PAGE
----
December 22, 2010
Web 2.0 Roles, Services & Vision Statement for Government
This was the initial visualization graphic I developed quite awhile ago when I was first aligning types of Web 2.0 according to roles in Government.
This aligns examples of Web 2.0 tools, along government roles, with 4 other axes thrown into the mix: Gov’t/Public, Internal/External.It also offers another way to look at the types of Web 2.0: according to Information flow. Once we have visualized these potential actor, application, interaction and information flows, what’s required is a Vision Statement to better understand the reasons Web 2.0 should and can most effectively be applied.
A “Vision statement” is valuable for any strategic planning (right up there with elaborating the Mission statement & Values). For a few months now I have been sharing one that I developed a while ago. It takes a step back and reiterates the reason public servants and government want or need Web 2.0: to improve the work of public servants and government. I offer you a vision statement for Government to support Web 2.0:
Develop an engaged, networked & resilient public service responsive to a connected, knowledgeable & skilled public.
Notice that “Web 2.0″ isn’t actually in there. That’s because Web 2.0 is the means for the work of public servants to do what they do, like technology, communications hardware and desks. But this Vision Statement still supports Web 2.0. You don’t want to be doing Web 2.0 for the sake of doing Web 2.0 – but because it’s the best means to improve the modern public service.
Notice I wrote “modern”. A modern public service, one that is ready to embrace Web 2.0, is one that values social learning (learning collectively) and networked governance (horizontality, collaboration). A modern public service is networked and resilient, but also focused on ultimately delivering better services, responding to the needs and demands of the public. Key here is that Web 2.0 isn’t the only way to modernize the public service and improve responsiveness to the public (think: blocked Internet) . By not being fixated on Web 2.0 (and its buzzwordiness), this vision reinforces web 2.0 and the other technology and processes needed with it.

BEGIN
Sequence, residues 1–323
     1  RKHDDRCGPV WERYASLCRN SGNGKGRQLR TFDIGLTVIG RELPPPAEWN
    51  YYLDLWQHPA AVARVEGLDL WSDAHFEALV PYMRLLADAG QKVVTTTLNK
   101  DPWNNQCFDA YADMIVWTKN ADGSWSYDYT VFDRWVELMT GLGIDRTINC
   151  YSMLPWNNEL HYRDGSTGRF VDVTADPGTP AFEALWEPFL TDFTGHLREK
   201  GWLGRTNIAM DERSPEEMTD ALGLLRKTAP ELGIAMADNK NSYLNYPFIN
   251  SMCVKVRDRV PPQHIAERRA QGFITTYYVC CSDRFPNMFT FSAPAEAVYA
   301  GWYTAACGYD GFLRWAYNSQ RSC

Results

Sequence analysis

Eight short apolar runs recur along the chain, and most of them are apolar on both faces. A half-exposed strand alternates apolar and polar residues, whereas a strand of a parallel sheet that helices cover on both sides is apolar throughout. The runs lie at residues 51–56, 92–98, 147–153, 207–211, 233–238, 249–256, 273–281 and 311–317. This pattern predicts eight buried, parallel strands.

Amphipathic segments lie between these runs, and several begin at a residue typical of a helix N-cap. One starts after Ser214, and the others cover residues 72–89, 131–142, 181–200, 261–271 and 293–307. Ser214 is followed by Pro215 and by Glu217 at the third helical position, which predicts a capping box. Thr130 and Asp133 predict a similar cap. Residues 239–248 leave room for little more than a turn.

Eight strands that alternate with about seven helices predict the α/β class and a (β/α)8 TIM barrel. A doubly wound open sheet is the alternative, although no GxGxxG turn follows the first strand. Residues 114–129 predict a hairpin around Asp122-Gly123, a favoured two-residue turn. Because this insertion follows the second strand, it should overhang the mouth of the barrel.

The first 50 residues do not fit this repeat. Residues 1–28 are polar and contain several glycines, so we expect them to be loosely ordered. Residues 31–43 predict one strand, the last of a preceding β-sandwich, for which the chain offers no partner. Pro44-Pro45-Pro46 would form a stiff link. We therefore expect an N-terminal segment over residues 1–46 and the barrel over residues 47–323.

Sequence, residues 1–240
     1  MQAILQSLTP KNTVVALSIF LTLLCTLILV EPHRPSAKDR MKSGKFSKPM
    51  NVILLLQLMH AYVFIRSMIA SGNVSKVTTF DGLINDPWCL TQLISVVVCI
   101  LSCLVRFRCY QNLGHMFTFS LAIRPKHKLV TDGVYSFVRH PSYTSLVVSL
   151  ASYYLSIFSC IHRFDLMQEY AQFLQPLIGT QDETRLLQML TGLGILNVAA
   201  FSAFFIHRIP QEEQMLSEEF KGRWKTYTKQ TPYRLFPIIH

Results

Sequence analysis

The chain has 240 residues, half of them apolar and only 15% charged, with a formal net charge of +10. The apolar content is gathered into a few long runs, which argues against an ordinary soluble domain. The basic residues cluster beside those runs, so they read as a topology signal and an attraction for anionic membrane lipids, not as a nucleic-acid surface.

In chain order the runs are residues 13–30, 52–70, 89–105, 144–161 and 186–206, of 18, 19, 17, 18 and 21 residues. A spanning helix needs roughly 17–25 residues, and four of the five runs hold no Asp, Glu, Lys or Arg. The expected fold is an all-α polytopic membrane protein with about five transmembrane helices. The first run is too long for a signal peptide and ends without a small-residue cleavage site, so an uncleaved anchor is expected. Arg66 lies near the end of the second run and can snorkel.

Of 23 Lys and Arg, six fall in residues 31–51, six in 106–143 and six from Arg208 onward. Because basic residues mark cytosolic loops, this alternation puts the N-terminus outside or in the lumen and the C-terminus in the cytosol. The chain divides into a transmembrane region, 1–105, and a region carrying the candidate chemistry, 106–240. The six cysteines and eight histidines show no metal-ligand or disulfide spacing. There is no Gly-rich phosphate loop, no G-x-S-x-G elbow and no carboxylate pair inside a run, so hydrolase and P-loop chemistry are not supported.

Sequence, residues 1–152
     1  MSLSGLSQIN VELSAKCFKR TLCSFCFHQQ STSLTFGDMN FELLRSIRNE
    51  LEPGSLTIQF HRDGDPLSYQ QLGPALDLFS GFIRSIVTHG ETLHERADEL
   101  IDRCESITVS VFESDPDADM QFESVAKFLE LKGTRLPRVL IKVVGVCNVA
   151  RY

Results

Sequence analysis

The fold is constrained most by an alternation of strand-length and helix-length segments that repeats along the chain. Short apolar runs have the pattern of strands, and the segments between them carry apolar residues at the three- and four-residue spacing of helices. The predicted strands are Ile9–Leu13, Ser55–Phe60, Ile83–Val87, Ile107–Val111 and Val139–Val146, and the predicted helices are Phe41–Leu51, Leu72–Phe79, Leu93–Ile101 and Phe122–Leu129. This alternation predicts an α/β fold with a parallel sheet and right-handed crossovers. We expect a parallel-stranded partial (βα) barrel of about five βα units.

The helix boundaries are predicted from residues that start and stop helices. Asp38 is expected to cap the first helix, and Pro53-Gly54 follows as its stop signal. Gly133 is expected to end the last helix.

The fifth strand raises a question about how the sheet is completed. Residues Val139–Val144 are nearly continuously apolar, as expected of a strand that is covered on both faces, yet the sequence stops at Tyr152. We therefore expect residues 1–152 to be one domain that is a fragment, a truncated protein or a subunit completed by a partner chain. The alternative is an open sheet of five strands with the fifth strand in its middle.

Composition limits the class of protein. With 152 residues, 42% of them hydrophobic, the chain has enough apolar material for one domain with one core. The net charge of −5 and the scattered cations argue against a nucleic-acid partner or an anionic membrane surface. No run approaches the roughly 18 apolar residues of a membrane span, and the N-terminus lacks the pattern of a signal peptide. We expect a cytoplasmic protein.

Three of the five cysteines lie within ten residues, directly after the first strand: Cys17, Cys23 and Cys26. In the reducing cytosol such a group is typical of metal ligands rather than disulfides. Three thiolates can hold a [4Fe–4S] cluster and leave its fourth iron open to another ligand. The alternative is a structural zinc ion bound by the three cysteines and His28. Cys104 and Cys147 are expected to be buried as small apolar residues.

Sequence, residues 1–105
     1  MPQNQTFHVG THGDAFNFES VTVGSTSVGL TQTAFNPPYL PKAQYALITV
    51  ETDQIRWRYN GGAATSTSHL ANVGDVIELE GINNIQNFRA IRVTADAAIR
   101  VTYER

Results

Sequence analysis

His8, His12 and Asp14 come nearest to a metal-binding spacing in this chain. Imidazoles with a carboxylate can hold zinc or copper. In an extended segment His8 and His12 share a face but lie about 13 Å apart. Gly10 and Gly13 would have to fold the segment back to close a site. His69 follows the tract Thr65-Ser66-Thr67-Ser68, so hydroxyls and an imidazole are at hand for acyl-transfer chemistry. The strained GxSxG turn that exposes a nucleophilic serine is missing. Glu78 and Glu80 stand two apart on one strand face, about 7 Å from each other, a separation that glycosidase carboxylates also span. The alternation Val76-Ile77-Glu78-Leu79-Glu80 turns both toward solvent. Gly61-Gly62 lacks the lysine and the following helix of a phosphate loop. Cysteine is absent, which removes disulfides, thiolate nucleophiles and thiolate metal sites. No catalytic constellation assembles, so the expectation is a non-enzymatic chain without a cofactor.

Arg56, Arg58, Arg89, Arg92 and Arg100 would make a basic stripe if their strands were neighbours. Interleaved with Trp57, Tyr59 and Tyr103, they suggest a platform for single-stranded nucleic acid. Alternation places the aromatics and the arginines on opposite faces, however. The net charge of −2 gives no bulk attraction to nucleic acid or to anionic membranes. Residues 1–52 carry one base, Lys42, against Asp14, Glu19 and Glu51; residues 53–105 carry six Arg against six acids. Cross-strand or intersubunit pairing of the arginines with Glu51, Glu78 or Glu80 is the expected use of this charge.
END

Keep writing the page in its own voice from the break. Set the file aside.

There are also a few nuances in the vision statement, maybe you noticed them. This isn’t a vision statement for the whole public service, nor is it an imagining of a public service that supports the whole public. Face it, citizens who aren’t using Facebook or Twitter aren’t making demands for Government to be on social networks or to be more communicative, so this Vision statements goes beyond the basic requirements of the public (to have services and be informed), using Web 2.0 to achieve those means. Let me go into further detail of the terms here:
- Engaged: Web 2.0 depends on engaged public servants, who will work tirelessly to get at solutions. To keep them engaged, tools need to adapt with the users, not through passive roll-outs but with active community support
- Networked: Web 2.0-enabled public servants need to be connected to knowledge and people. This includes unblocked access to the Internet to the information they need to do their work, and to the people as well, fellow public servants and the public
- Resilient: A resilient public service is one that continually learns, through support of Social Learning (also called “Organizational Learning”). Public servants have access to skilled public servants, their experience and insights. Information sharing is valued, encouraged
- Responsive: Web 2.0 tools as well as other technology help public servants be more efficient in their work
- Connected: The public is becoming increasingly connected and active on the Internet. New channels of communication, collaboration and engagement with the public are supportive of a new group of the public, one that is connected.
- Knowledgeable: This term recognizes an increasingly informed and well-educated public. The new areas for government involvement with the public will need to be at this level, made possible using Web 2.0
- Skilled: There are some areas that the public has better skills in. Being responsive to the public’s skills means providing them with information, with data. Open Data initiatives makes this engagement broadly possible
There you go. Hope this helps.